The Evolution of Cotton

Cotton was domesticated from wild ancestors

Like all modern crops, the cotton plants that grow on farms today are descended from species that lived in the wild. And these species still live in the wild today. These wild cousins are not all that different from domesticated cotton. They grow in warm, dry places. And they make a big poufy seed pods, filled with seeds covered in long, silky fibers.

Thousands of years ago, ancient people started using the fibers from these wild cotton plants. They spun them into ropes or yarn and wove them into fabric. Eventually, they began farming cotton. As early farmers did with many types of crops, they took advantage of natural variations. They noticed that some plants were more useful than others. Maybe their fibers were longer or stronger, which made a better yarn. Or maybe some made bigger seed pods with more fibers. The farmers knew that traits passed through seeds from parent to offspring. So they collected seeds from the best plants and used them for the next year's crop. Through selective breeding, they gradually developed a domesticated form that was even more useful.

wild vs domestic

Domesticated cotton has more plentiful and longer fibers that are more easily removed from the seed than wild varieties. (Shown are domesticated upland cotton, cult. AD1, and its closest wild relative. Images courtesy Jonathan Wendel, used with permission.)

Cotton was domesticated in four places

map

Genetic and archaeological evidence suggests that the 4 commercially grown species of cotton—and possibly a few others—were domesticated independently by at least 4 groups of people around the world (see map). People valued many of the same characteristics, so all domesticated cotton varieties look similar. But each group began with a different wild ancestor. That's why each type of domesticated cotton has some unique characteristics. For instance, Pima cotton has long, silky fibers. And upland cotton is known for its abundant yields.

The mysterious genetics of cotton

Domesticated cotton species and their wild cousins all belong to the genus Gossypium. This genus has more than 50 diverse members, which live all around the world. They range from tree-sized plants in Mexico to small, shrubby plants with nearly bald seeds in Australia.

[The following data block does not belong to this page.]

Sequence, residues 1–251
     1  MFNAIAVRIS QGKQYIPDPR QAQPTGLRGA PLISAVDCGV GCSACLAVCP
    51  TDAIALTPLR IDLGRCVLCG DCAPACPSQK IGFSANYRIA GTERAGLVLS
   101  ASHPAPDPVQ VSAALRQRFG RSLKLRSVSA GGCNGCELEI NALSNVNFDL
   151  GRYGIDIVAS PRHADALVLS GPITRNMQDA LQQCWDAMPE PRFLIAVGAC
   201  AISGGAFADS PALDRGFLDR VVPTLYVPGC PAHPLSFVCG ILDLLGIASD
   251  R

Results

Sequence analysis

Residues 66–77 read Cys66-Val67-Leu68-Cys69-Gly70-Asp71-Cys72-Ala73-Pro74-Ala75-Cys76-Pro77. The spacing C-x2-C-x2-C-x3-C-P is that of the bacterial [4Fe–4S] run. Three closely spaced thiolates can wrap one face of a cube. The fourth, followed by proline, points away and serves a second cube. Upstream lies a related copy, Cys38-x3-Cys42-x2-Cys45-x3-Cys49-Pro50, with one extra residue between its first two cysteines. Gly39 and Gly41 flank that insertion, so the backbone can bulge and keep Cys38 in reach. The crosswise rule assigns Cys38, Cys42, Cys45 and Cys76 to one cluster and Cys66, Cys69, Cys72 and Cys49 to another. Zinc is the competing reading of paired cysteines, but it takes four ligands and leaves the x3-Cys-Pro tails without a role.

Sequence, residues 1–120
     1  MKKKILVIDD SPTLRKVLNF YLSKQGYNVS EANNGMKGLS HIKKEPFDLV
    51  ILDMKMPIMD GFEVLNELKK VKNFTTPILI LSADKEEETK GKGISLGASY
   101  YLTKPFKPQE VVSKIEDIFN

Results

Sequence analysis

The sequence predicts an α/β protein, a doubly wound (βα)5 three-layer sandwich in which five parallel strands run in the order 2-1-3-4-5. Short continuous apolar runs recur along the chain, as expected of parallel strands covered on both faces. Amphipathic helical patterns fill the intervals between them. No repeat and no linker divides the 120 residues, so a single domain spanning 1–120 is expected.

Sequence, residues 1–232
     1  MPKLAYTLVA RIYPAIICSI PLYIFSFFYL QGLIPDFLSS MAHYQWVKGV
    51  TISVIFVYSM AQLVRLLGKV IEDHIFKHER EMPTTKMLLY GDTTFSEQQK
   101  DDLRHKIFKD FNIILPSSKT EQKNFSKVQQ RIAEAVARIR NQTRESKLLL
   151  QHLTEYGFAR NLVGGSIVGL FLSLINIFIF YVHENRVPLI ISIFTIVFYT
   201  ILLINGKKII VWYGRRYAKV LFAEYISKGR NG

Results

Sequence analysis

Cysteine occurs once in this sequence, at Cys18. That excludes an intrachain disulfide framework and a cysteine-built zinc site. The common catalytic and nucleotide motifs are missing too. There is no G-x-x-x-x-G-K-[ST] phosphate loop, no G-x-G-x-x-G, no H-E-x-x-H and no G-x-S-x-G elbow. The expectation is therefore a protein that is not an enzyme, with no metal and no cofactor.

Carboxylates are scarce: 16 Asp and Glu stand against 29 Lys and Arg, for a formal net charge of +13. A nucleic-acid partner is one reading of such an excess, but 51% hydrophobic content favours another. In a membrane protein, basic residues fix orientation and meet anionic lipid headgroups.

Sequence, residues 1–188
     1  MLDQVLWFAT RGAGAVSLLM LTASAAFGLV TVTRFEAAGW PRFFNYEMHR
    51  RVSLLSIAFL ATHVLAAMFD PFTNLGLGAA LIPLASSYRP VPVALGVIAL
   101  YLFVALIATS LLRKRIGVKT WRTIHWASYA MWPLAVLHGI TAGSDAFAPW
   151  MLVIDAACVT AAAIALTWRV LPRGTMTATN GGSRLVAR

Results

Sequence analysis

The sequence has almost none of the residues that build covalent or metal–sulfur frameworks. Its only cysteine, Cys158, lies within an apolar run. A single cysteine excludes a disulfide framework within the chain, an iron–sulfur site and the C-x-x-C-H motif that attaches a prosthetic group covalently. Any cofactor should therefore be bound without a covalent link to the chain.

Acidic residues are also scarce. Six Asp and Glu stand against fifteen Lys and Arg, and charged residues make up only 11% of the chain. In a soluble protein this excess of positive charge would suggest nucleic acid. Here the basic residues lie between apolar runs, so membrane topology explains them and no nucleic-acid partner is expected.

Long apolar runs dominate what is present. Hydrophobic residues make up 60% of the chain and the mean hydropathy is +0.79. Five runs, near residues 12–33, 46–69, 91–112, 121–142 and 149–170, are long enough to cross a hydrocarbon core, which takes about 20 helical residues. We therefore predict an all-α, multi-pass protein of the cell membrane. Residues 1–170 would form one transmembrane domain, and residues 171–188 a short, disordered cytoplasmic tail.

Early on, plant biologists grouped plants into the Gossypium genus based on the traits that they had in common. They noted similarities in their leaves, branching pattern, flowers, and fruits. By the 1930s, DNA came into play. When geneticists started comparing Gossypium chromosomes under the microscope, they noticed something strange. Though the chromosomes were often vastly different in size between species, most had 13 pairs of chromosomes. But a handful of species in the Americas (including upland and Pima cotton) had 26 pairs. That's double what is typical of the genus.

After further study, scientists learned that these species have two complete genomes. The genomes are very different in size, and they came from two distantly related parent species. One of the parent species lives in Africa, the other in the Americas. Researchers wanted to know—when and how did these two species, a vast ocean apart, get together?

chromosomes

Most Gossypium species have 13 pairs of chromosomes (26 in all). Upland and Pima cotton have 26 pairs of chromosomes (52 in all)—amounting to two complete genomes.

The natural history of cotton

Using a combination of genetic, fossil, and archaeological evidence, along with some deductive reasoning, scientists pieced together the most likely evolutionary history of cotton.

  • map 1
    All living Gossypium species share a common ancestor that lived in Africa about 5-10 million years ago.